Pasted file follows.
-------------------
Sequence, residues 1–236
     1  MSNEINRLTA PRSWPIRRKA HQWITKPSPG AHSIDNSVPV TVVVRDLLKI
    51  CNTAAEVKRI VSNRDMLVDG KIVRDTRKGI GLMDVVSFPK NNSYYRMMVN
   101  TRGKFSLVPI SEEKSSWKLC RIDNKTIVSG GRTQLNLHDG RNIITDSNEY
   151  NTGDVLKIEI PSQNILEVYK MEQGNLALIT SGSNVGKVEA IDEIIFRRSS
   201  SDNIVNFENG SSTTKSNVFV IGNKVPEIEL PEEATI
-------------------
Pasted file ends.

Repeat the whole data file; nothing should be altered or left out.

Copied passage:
Sequence, residues 1–236
     1  MSNEINRLTA PRSWPIRRKA HQWITKPSPG AHSIDNSVPV TVVVRDLLKI
    51  CNTAAEVKRI VSNRDMLVDG KIVRDTRKGI GLMDVVSFPK NNSYYRMMVN
   101  TRGKFSLVPI SEEKSSWKLC RIDNKTIVSG GRTQLNLHDG RNIITDSNEY
   151  NTGDVLKIEI PSQNILEVYK MEQGNLALIT SGSNVGKVEA IDEIIFRRSS
   201  SDNIVNFENG SSTTKSNVFV IGNKVPEIEL PEEATI